Thats what my journey has felt like this past fortnight.
Aquaplaning is actually an effective metaphor, as mid August saw me return from a 16 week trip offshore to find Scotland being hit by extreme weather. I was parked up in Aberlour having a sandwich when I thought I saw the first bolt of lightning, only to be subjected to a deluge and lots of surface water on the roads. Can’t beat that experience when you haven’t driven in so long, in a strange car and the windscreen wipers are just smearing the remains of flies across the windscreen rather than moving any water. Little did I know that some parts of Scotland were going to be hit a lot worse and that included my storage unit in Perthshire.
It was a completely different climate the next day – a sunny day in upper Speyside with little memory of the thunder the day before. I was spending the afternoon constructing the behemoth of a trampoline my wife had bought for our daughter when I received a call on my phone informing me that my locker had been flooded. While the skies remained blue, there was dark clouds on my horizon.
I don’t know if you have ever suffered the loss of a treasured possession, but I had literally felt as though I’d been punched hard in the stomach. I knew that I had some of my bottles on shelving but the majority of the collection was in cardboard boxes sitting in pallets. I had no idea what to expect. My mind was racing through the list of bottles I may have lost and this is where the emotion kicks in. While I never intended drinking much of the bottles I had collected, I was running through bottles that I would hate to have lost, not just based on their value, but on their emotional value. Each bottle had a story. I remember the first bottles I bought that started my collection – 2 Glenmorangie Truffle Oak Reserve, purchased in 2006 during a visit to the distillery. I paid £150 each. They now auction about 3-4 times that value. Or even special bottles like my GlenDronach handfills – one of which was distilled on my 19th birthday and which I managed to handfill on my 46th birthday. My Flora and Fauna collections – even though not the greatest or the most expensive whisky, I’ve spent the time getting all the wooden boxes, nearly all the 1st editions (only 2 short now) and even have two Speyburn to complete the two sets. I’d have been horrified to lose these. As would my insurer I’d guess. Recent Flora and Fauna Speyburn auctions have seen a spike up to £2900 a bottle.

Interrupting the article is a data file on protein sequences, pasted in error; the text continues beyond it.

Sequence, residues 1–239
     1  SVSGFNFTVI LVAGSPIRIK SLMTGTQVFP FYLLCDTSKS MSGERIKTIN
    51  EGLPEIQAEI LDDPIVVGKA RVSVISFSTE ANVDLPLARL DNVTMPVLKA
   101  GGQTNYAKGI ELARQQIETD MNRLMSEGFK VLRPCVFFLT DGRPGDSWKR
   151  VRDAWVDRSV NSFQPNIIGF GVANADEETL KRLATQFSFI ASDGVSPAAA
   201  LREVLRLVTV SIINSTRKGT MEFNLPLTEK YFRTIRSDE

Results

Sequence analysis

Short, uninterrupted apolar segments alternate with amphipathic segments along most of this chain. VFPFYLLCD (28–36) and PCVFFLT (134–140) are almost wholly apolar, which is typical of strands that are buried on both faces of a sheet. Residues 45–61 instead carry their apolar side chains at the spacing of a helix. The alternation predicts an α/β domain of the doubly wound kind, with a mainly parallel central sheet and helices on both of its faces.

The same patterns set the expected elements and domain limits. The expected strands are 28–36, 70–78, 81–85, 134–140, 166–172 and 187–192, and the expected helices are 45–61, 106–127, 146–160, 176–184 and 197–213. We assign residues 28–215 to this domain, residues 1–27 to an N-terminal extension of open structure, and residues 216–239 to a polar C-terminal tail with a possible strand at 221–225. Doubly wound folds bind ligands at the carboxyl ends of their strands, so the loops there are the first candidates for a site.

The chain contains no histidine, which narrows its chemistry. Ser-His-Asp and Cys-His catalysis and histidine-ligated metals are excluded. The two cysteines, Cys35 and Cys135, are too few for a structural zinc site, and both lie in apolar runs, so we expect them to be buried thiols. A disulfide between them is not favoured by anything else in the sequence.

And this is the question it comes to; is whisky not just a commodity that requires monetary investment but also emotional investment? i think if you are solely buying it to drink, then perhaps not, but if you are collecting it for whatever reason then I suspect there has to be an emotional attachment. I knew this to be the case when I eventually was able to access the site to see for myself. The financial burden was covered, as I was insured, but how would the emotional burden be?
I’ll cut to the chase – most of my treasured bottles were safe. Thankfully everything on a shelf was high enough, and those bottles on a pallet were mostly in AirSacs, which not only provided water resistance and saving most of my bottles, but also gave rigidity that prevented the boxes on the top layers hitting the water too as the cardboard box on the bottom disintegrated. Then the truth dawns – what about the bottles I kept in their cardboard cartons and not AirSacs? What if they were on the pallets? Sadly, because I well mark boxes with their contents, I realised I had some pretty expensive bottles or pretty irreplaceable bottles on the bottom layer.
It’s easy to get caught up in gloom. The best thing to do is celebrate what has survived. The aforementioned Glenmorangie and GlenDronach were safe. The rarest of my Diageo Rare Malts had also survived. But then I was seeing the Glen Albyn 1975, Brora 1982, Cardhu 1973 come out of boxes that had been devastated. My Strathearn bottles from the inaugural bottling of the first cask – both had their presentation box and certificate destroyed. My small Macallan collection took a big hit. My 80’s/90’s Macallan bottle, along with the 1824 series Amber, Gold, Sienna and Ruby – gone, although the 1824 series is largely still obtainable at reasonable prices. Glenmorangie Swamp Oak – gone. In fact, most stuff with a carton that was on the bottom layer of boxes on the pallet – gone.